Lisa King

I am going to provide you with a sample list that will help you pack properly for this amazing adventure.

I studied abroad in Colombia for two weeks and had to plan for two completely different climate zones. Our field school started in the high altitude capital city of Bogota and continued down to the tropical rainforest of the Amazon. Luckily we were able to leave half our gear in Bogota and pick it up upon our return.

The Essentials

Shots: Talk to your travel clinic at least six months prior to your trip and find out what is needed for the zones you will be entering. I needed malaria pills and a yellow fever shot. Some people react negatively to treatment so be aware of the possible side effects.

Identification and Money: It is very important to keep your passport and other documents safe by locking them in your room or carrying them on your person in various hard to find pockets. In my opinion, it is also a good idea to use the currency of the country you are visiting. At times, it was hard to find locations that would accept American currency let alone Canadian dollars. I exchanged my money in the Toronto airport before flying into Colombia and received a really great rate.

Footwear: Find yourself a strong pair of comfortable shoes. You do not want to be dealing with sore feet or injuries during your time abroad. I lived in my Keen close-toed sandals, hiking boots, rubber boots and flip-flops. The best place to find these items is Mountain Equipment Co-op or Winners. My flip-flops were only packed as an alternative to wear around camp or in the hotel. We purchased our rubber boots in Leticia; it is a good idea to consistently wear such boots when trekking through the Amazon. Bring a pair of comfy insoles from home to put inside your boots and your feet will certainly thank you. I also suggest taking at least one pair of merino wool socks. It doesn’t matter if you are deep in the heat of the Amazon or up in the cool crisp air of the mountains; merino wool will keep your feet dry and at the correct temperature.

Clothing: This was both an interesting and frustrating experience for me. All the pre-departure meetings talked about wearing moisture wicking athletic clothing in the tropics and avoiding cotton. As stated above, I needed to pack for both cool alpine conditions as well as tropical damp conditions and I planned accordingly. I went to MEC and invested in the lightest items they carried. It is important to purchase long sleeve shirts and long pants when trekking through bio sensitive areas. If you scratch yourself on certain plants or trees or touch a poisonous creature by accident, your trip might quickly take a turn for the worse. I purchased a beautiful purple rash guard shirt, hemp pants and hiking pants and ended up returning them all after the trip. I found out the hard way that heavily dyed items are not recommended for tropical countries because the ink from the shirt can leached into yourskin and stained everything else you are wearing.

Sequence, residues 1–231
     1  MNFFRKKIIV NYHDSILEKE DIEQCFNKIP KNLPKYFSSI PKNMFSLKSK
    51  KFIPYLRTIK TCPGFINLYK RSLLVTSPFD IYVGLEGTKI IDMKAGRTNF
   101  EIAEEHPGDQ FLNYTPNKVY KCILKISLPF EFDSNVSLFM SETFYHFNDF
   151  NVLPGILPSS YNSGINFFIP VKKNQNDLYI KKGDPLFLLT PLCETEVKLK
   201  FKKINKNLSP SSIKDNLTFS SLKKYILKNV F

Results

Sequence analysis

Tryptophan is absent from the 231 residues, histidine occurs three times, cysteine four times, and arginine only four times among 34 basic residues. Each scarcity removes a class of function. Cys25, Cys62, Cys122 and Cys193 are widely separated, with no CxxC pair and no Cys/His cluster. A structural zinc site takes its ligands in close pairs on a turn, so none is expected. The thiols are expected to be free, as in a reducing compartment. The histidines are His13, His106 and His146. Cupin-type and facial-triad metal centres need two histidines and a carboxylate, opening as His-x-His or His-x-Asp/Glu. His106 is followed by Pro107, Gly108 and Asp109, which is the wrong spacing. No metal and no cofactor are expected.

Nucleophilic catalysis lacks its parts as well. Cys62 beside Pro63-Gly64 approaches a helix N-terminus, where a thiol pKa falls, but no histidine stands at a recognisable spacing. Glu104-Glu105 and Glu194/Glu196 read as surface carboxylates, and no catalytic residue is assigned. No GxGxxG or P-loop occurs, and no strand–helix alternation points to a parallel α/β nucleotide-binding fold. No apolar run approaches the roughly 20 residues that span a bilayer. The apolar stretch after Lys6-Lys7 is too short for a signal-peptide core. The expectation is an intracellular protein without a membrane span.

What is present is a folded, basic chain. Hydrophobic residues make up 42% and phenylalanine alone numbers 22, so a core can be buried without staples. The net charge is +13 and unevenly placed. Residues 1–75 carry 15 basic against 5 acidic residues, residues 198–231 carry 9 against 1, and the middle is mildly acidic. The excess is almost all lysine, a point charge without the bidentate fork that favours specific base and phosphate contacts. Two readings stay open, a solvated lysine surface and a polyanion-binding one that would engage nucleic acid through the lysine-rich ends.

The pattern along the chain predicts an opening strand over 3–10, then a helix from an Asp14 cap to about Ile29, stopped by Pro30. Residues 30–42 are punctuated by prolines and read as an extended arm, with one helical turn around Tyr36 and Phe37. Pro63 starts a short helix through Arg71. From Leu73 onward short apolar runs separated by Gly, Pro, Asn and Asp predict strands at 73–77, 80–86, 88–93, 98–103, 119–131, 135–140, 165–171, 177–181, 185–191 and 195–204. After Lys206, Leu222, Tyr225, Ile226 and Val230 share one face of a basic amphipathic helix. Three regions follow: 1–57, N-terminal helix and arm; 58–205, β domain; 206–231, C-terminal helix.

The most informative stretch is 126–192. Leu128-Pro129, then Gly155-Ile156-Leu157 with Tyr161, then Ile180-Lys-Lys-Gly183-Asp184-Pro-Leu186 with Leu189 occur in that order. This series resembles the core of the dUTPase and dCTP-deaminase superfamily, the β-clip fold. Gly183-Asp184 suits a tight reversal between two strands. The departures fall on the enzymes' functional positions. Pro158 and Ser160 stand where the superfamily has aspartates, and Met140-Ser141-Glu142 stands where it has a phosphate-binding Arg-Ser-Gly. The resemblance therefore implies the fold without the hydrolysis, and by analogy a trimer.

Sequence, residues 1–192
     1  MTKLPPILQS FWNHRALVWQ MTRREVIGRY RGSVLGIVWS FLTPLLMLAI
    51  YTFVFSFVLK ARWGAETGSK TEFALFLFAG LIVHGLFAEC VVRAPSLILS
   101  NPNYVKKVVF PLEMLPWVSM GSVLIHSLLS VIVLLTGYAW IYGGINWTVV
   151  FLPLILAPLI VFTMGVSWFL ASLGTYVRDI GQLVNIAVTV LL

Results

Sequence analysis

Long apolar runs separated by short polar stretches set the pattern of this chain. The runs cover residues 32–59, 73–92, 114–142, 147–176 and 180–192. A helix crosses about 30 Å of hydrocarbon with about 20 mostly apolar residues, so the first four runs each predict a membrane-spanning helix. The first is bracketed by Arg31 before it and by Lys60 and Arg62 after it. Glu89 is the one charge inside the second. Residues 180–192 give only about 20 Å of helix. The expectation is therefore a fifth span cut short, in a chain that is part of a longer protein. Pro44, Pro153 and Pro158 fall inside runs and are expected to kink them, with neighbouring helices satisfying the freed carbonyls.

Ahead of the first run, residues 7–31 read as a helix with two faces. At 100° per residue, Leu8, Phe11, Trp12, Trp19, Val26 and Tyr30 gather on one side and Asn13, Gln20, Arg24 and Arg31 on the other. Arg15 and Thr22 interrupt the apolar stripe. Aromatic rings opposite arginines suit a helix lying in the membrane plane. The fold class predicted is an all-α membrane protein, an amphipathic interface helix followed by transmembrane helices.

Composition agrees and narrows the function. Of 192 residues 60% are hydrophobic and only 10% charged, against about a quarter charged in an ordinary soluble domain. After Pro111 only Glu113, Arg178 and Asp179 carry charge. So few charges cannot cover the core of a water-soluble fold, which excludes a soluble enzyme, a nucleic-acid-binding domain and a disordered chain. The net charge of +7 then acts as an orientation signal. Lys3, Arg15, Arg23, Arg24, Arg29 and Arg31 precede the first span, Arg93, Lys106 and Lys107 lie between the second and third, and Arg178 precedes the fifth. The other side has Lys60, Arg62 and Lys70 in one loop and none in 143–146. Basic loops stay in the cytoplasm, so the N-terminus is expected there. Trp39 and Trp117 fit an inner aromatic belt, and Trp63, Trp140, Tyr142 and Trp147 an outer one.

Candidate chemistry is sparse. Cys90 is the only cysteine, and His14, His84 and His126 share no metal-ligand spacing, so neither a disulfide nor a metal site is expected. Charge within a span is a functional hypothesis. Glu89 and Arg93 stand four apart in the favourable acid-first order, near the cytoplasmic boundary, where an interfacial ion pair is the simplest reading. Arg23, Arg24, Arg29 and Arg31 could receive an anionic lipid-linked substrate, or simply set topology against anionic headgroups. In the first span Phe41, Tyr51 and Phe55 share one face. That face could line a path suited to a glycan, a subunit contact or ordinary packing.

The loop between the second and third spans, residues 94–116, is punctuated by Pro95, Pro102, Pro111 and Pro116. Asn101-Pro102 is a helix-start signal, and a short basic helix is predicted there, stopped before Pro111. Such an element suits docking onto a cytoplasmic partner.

Outerwear: Multiple climates call for multiple jackets. I took a warm jacket for Bogota because it was a colder climate and a poncho for the amazon because it was so warm in the amazon region that I did not want to wear a jacket; the poncho allowed for air to cirulate through my clothing while still protecting me from the rain.

Toiletries: Take toilet paper; facilities in some countries have a charge for toilet paper or don’t supply it at all. Bring sunscreen, deodorant, toothbrush/toothpaste, baby wipes and lots of bug spray. I also brought a tiny bottle of biodegradable camp suds which can be used to wash everything, including yourself.

Accessories: Headlamp, hat, bandana, bathing suit, a sturdy water bottle, Gravol, sunglasses, a plastic handheld folding fan, day backpack, microfiber towels, small medical kit, a camera and of course a good hiking backpack fitted to your body.

Optional Items

Take a journal/ sketchbook/ artist supplies – Write about your feelings and experiences; draw your surroundings.

Laptop – Not everyone needs to lug his or her computer around. There is something to be said about being unplugged.

Language phrase book – Working on expanding your linguistics? This is handy if you need a quick vocab lesson. I did not come across many fluent English speakers in Colombia.

Before You Leave

It’s a good idea to take off any jewelry that is precious or of value. For example, if you are married and still want to wear a ring, find an inexpensive non-flashy one to wear while away. The last thing you want is to lose something precious, or look like a naïve tourist and risk becoming a target to thieves because you are wearing expensive items.

Pack light, enjoy your trip and remember to leave a little room in your luggage for souvenirs. Bon voyage fellow study abroad students.

By: Lisa King, a member of BCSA Writers in Residence team and former stories abroad scholarship recipient. Lisa is currently working as a photojournalist and is one of the most recent graduates of Kwantlen Polytechnic University in the Bachelor of Arts General Studies program. Her study focuses were in Fine Art, Creative Writing, Geography and Sociology.

Writers In Residence


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